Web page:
About Residential Rate Reform

What Is Changing and Why?

In response to the 2001 Energy Crisis, the California State Legislature capped rates to protect low-usage customers from soaring electricity prices. However, over the past 13 years these price caps have resulted in many customers paying more than their fair share for electricity.

That's why PG&E, working with a broad coalition of consumer and community groups, has received permission from the California Public Utilities Commission (CPUC) to make residential electric rates simpler and more equitable.

Starting August 1, 2014, under new rates approved by the CPUC, the amount that customers pay for electricity will be more in line with the actual cost of serving them. Find out what this means for you, why the changes are necessary, and where the funds will be spent.

What Impact Will the Changes Have on Bills?

PG&E's higher-usage customers, who pay top rates that are more than twice the average residential rate, will enjoy some relief. Other customers who now pay less than average rates for electricity will see a moderate increase in their rates.
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The table below shows the impact on customers at different usage levels and climate zones.

Monthly Usage (kWh) Current Monthly Bill New Monthly Bill (August 1 rates) Change in Bill Inland Coastal Territory Non-CARE** customers 400 $ 55.53 $ 60.70 $ 5.12 800 $ 179.65 $ 173.12 $ (6.52) 1200 $ 323.47 $ 301.28 $ (22.19) Inland Coastal Territory CARE** customers 400 $ 34.96 $ 38.09 $ 3.13 800 $ 88.84 $ 97.73 $ 8.89 1200 $ 144.73 $ 158.06 $ 13.32 Fresno and Merced Territory Non-CARE** customers 600 $ 96.33 $ 100.33 $ 4.00 1000 $ 223.29 $ 214.85 $ (8.44) 1400 $ 366.13 $ 343.00 $ (23.13) Fresno and Merced Territory CARE** customers 600 $ 56.36 $ 61.90 $ 5.54 1000 $ 110.57 $ 121.74 $ 11.17 1400 $ 166.47 $ 182.06 $ 15.59 *Table shows an illustrative range of electricity usage levels in two major climate zones. Territory X (inland coastal) includes the communities of Ukiah, Santa Rosa, Concord, Oakland, San Jose and King City. Actual bill impacts will vary depending on the customer's usage, baseline territory and baseline allotment. **CARE (California Alternate Rates for Energy) is a PG&E program that gives qualifying households monthly discounts on energy bills.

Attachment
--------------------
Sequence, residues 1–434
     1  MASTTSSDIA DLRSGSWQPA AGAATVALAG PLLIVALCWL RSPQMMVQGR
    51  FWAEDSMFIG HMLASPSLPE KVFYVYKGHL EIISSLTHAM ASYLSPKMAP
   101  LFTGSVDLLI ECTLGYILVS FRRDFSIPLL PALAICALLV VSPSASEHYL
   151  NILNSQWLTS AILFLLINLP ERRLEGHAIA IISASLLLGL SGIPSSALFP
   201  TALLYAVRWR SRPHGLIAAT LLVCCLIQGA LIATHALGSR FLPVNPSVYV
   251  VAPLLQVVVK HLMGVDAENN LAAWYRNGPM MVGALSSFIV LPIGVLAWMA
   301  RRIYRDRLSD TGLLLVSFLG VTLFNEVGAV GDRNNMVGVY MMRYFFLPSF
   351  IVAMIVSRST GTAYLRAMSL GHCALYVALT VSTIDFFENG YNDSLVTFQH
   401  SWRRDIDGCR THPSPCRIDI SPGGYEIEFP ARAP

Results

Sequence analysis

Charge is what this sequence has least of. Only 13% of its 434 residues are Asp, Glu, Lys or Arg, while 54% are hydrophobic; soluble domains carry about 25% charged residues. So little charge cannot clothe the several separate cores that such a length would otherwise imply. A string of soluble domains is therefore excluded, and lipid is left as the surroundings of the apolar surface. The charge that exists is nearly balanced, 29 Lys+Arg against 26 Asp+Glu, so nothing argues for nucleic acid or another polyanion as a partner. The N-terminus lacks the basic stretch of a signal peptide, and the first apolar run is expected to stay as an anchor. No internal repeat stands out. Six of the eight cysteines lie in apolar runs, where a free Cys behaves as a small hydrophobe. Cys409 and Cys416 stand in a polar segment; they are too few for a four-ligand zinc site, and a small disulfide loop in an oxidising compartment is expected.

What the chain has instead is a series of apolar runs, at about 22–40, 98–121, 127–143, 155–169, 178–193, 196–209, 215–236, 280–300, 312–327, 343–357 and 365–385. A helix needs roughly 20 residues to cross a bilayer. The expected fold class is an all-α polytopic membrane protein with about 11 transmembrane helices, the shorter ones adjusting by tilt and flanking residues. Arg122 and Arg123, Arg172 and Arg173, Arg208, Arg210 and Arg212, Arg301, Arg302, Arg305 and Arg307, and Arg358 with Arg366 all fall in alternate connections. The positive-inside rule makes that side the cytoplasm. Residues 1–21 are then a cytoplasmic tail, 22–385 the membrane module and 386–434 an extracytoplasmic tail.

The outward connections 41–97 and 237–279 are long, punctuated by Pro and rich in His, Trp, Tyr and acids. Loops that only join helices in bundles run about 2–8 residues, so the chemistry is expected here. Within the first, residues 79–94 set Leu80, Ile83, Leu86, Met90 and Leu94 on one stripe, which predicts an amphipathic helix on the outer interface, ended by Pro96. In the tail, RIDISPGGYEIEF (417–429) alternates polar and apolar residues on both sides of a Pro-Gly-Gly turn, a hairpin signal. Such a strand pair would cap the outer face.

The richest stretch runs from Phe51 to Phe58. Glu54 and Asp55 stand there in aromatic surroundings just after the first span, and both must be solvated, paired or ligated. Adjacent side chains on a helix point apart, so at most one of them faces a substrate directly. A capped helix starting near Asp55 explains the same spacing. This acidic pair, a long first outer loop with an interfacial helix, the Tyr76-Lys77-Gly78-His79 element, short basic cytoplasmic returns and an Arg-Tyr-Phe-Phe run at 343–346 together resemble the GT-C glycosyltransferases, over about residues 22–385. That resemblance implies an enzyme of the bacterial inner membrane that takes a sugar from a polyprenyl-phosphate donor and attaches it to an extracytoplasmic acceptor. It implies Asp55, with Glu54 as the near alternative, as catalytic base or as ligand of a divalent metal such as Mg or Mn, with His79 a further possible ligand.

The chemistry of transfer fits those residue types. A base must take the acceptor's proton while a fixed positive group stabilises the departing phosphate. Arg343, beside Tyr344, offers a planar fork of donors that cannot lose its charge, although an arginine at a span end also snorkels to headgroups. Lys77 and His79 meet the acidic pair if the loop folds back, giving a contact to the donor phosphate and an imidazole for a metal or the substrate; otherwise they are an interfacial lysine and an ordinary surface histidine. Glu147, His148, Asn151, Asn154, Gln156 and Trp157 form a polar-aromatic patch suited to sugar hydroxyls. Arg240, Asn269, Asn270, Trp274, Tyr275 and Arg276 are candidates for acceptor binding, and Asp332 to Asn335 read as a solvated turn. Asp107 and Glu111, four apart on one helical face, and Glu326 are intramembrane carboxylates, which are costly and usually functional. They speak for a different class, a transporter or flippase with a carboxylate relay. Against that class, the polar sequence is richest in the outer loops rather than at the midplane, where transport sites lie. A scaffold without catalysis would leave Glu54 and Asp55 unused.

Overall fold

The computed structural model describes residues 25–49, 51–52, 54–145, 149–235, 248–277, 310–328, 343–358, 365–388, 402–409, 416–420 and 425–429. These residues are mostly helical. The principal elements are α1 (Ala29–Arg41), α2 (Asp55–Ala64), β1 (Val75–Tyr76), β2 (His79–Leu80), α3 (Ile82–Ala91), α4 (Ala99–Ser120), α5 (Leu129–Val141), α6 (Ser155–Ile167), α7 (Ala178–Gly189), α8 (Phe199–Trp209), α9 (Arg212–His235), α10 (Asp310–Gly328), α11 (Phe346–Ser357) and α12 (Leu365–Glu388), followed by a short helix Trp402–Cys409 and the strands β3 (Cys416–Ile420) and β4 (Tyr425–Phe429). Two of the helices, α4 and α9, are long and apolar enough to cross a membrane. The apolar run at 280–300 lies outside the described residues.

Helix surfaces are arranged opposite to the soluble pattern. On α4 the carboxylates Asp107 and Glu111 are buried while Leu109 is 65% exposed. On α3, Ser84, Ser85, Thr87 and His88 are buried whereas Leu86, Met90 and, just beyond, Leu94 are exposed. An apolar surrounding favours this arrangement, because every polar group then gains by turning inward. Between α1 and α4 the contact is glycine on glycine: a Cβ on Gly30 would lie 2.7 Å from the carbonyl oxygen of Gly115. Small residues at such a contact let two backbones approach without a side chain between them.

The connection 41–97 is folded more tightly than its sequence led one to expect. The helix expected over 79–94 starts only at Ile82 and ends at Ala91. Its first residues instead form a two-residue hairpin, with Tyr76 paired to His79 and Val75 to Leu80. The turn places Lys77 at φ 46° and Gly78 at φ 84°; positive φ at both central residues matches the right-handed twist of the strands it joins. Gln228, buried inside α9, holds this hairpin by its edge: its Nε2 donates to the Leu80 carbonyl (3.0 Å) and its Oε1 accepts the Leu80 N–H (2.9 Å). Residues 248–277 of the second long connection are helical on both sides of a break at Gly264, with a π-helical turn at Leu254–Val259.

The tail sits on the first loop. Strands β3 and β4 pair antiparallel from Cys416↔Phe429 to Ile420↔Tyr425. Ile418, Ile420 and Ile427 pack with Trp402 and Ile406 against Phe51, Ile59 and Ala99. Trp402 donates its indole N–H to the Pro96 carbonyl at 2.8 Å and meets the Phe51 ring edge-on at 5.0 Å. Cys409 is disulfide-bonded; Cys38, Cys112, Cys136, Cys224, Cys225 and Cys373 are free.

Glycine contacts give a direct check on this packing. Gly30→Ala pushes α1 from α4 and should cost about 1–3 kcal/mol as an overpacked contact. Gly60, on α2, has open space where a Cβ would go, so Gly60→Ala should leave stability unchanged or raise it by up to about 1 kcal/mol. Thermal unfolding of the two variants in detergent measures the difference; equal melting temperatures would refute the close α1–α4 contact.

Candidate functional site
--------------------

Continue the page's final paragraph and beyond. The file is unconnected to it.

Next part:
What About CARE Customers?

Customers in the California Alternate Rates for Energy (CARE) program will see increases in their rates. However, they will continue to benefit from substantial discounts of up to 44 percent in 2014, up from 15 percent in 2000.

How Will the Funds Be Invested?

These rate changes will not increase PG&E's overall revenues or profits. PG&E's average bills will remain among the lowest in the country.
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Where Does My Energy Dollar Go?

PG&E invests the money it receives from residential customers like you to improve safety, reduce outages and provide cleaner energy. This chart illustrates some of the major costs:

Average Standard Rate for Electricity

Energy Supply (56%): The cost of generating and purchasing power for PG&E customers. More than 50 percent of our electricity comes from sources that are free of greenhouse gas emissions, giving us some of the cleanest energy supplies in the nation.

Transmission & Distribution (32%): Operating and maintaining the grid to deliver safe, reliable service. Includes new Smart Grid technology to reduce outages and more quickly restore service to customers.

Public Purpose Programs (7%): Promoting the public good, including discounts for income-qualified customers, investments in energy efficiency programs, and the California Solar Initiative.

Other (5%): Legacy costs for nuclear plant decommissioning, electric generation deregulation, and the impact of the 2001-2002 California energy crisis.

 

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